It probably sounds like I spend most of my time in meditation. In reality nowadays it may just be a couple of times a week for a proper meditation and top ups daily. I think it's important to have a variety of methods and not just rely on one. Even though they are simular, they are very different.

    Good luck with your research. Art and music are important to everyone.

  • Wow, Zanna, thank you so much for taking the time to share this, it's a hugely valuable insight. You say that what you do isn't art, but I think that as it is creation of an item involving the creative design process that it most certainly is. And I would say that art and music are forms of meditation In themselves.

    Thank you!

  • I've said it many times before, my pain has enriched my life. I've taken time and explored creativity both with and without meditation, I've created a business around it, so I get to be creative every day. From the business Side I have also dabbled in web design, photography etc. I much prefer doing things myself, learning for learnings sake as it were. It's another great distraction.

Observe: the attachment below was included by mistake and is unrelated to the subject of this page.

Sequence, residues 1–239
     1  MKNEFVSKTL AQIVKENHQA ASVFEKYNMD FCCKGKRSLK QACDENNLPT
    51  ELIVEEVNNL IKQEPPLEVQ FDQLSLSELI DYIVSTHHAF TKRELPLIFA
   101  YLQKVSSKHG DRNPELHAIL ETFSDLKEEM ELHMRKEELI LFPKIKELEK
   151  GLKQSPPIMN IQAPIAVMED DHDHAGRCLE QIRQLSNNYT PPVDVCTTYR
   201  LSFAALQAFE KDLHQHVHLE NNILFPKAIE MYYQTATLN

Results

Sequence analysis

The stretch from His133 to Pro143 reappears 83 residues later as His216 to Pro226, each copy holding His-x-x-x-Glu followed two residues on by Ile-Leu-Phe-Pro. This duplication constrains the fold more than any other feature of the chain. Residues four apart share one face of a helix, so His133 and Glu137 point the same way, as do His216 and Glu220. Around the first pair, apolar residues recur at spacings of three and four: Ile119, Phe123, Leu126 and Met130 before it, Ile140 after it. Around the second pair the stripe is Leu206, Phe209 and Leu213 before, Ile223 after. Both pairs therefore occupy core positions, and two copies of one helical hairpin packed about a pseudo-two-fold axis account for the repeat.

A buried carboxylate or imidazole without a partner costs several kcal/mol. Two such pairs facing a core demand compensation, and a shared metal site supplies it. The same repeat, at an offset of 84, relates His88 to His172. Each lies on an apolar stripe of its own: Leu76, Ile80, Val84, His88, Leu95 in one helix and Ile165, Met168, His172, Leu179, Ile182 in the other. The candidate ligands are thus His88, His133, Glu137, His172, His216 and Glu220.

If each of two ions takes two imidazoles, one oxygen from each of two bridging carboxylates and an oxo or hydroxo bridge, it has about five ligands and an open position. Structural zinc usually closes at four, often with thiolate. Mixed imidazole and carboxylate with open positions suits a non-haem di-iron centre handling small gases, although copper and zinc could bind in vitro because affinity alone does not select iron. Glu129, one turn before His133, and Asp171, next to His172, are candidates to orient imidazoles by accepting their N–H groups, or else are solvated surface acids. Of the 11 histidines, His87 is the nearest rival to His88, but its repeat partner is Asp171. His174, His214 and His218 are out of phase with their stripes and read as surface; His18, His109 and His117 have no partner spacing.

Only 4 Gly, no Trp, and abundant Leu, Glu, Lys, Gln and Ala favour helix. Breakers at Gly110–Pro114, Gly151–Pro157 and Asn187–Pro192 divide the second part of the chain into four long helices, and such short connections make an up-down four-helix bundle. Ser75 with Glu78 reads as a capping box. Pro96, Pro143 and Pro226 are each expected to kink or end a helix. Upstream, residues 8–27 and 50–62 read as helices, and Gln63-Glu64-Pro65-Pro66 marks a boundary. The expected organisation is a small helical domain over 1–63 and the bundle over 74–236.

Without pain, I would be stuck in a dead end office job - a good job but not exciting, not stretching, with a lot of stress. Pain has given me the chance to explore creativity. To develop coping strategies around creativity.

    When pain enters your world, I think it's perfectly acceptable to reinvent your life, to accommodate it, to suppress it, and respect it. How many people do you hear say they wish they could change things - we are given that opportunity. We just need to work out what to do. Pain does not have to be a negative experience.

  • Wow, inspiring!